Unpacking The Term "Flatbread" To Reveal Some Of Its Tasty Predecessors

Over the past few years, healthy eating has taken the forefront of the national culinary landscape, and one of the more noticeable advancements to come out of this health revolution is the emergence of the flatbread. This blanket term often refers simply to a pita or its derivative in many American markets, but the fact is that there are many globally diverse versions of the now-popular rising bread alternative. Here are a few predecessors to the flatbread that are worth checking out if you love pita sandwiches. 

Indian naan

Naan is a type of bread popular in India and the Middle East that closely resembles an oblong pita in form, but tastes quite different depending on how it is prepared. Eaten as more of a side dish than as a vehicle for meats and cheeses, naan comes in many different flavors and perfectly precedes any meal. In a sense, naan is like the Indian equivalent of having rolls or bread and olive oil before a European meal. Garlic and herb naans are popular in the US, while more traditional flavorings include spices like curry or fennel seeds.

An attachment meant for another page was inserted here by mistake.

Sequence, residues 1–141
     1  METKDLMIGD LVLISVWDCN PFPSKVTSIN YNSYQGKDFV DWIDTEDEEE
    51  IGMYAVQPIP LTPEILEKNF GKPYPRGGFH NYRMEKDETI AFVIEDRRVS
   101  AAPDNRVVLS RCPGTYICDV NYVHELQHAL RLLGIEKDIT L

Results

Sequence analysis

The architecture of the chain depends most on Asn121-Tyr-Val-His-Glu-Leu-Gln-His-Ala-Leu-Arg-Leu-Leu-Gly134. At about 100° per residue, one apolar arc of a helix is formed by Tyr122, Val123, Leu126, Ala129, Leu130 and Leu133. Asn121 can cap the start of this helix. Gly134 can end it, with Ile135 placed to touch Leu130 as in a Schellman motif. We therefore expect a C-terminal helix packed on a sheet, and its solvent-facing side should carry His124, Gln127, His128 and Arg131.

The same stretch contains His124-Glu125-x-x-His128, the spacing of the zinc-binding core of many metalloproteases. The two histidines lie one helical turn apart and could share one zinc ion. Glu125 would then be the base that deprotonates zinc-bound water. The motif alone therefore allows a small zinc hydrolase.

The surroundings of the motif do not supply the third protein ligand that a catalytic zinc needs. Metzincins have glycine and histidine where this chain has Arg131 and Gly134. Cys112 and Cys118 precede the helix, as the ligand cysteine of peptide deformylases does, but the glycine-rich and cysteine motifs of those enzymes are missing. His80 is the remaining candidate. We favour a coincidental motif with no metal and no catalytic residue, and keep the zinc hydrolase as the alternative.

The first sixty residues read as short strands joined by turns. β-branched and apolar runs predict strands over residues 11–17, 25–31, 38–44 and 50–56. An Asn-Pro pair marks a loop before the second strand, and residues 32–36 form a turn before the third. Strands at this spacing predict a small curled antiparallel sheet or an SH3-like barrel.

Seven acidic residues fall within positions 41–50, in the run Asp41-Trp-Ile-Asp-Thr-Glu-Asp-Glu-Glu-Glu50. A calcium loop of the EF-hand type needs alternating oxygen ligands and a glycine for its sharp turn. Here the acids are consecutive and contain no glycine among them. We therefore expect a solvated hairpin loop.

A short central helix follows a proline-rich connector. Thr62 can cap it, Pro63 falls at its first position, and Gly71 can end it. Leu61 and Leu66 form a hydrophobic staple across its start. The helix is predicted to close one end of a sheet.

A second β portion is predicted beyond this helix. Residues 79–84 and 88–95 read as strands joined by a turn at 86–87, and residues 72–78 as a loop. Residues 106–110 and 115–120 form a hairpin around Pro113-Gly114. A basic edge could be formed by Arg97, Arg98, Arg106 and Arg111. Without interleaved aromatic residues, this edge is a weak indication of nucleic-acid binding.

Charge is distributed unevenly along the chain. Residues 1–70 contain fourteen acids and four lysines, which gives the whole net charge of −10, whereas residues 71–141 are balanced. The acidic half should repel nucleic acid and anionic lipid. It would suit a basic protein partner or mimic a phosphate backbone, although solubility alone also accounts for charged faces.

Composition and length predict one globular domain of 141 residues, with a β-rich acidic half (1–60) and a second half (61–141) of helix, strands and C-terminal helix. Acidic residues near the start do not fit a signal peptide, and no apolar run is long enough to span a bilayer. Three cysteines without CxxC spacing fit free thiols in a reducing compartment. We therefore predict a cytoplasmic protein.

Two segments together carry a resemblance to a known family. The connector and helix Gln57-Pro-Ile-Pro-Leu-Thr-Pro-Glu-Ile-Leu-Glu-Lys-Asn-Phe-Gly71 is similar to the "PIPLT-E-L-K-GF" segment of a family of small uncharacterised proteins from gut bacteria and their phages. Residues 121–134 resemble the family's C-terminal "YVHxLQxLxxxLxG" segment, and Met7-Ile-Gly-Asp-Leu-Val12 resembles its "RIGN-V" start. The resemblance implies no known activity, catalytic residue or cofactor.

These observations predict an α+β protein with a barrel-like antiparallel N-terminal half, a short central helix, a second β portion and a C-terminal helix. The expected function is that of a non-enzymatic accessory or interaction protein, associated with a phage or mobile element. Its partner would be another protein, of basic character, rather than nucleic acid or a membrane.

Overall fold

Ethiopian injera

Injera is used more like a utensil than a side dish in Ethiopian traditions, since it's used to pick up and move food rather than using a fork. Injera has a signature spongy look and feel that helps it to pick up sauces and bits of food left on the plate, almost like the Italian tradition of wiping up and eating red sauce with rolls at the end of a meal. What sets injera apart from other breads on this list is that it is a derivative of sourdough, giving the bread a slightly tangy flavor, making it a much tastier alternative to a fork. 

Israeli matzo

Matzos are well known in Jewish traditions as a sacramental food, but it should also be known that these tasty crackers are an optimal snack in many different applications. The culinary limits of using this crispy flatbread are nearly endless, with inventive chefs using it for anything from stuffing turkeys to making blintzes and just about everything in between. 

The increased use of flatbreads in the US has mostly focused on pita breads and tortillas, but keeping in mind the long and diverse history of the hundreds of different kinds of flatbreads opens a door to rich culinary traditions that span millennia, and offer you some tasty lunch and snack options, to boot.